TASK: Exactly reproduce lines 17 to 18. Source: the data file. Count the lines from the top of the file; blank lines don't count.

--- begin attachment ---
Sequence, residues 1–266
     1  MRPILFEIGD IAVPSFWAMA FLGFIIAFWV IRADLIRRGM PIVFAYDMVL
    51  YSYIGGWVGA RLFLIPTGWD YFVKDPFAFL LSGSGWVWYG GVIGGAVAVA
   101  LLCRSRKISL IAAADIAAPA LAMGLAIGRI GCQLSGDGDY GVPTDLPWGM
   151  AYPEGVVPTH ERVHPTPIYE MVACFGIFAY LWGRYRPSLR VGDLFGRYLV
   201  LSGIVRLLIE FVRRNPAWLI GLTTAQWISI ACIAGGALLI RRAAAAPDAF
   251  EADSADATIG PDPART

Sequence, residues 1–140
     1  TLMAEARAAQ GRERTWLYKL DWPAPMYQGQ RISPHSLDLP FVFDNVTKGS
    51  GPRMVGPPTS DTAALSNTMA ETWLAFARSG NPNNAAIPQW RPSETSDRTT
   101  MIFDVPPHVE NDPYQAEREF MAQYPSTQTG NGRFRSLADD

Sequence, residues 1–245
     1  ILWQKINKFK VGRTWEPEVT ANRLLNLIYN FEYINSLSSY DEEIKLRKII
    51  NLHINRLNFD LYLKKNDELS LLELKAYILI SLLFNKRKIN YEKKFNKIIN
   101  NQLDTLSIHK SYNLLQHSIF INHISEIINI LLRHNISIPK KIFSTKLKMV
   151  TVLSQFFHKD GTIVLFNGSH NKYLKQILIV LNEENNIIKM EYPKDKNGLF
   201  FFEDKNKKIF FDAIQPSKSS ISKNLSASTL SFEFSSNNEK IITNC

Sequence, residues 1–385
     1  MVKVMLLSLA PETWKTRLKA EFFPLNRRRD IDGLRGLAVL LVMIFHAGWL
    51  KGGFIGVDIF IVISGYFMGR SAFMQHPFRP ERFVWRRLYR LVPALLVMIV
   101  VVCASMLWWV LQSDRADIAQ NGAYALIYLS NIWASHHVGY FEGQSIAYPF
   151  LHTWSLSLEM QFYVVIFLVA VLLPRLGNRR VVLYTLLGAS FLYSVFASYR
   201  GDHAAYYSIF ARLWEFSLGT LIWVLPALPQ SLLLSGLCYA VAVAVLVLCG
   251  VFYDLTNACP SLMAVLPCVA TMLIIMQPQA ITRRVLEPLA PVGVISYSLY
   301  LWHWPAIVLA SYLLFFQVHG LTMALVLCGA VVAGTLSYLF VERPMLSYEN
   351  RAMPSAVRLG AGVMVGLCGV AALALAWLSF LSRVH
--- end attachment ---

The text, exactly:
   201  FFEDKNKKIF FDAIQPSKSS ISKNLSASTL SFEFSSNNEK IITNC

Sequence, residues 1–385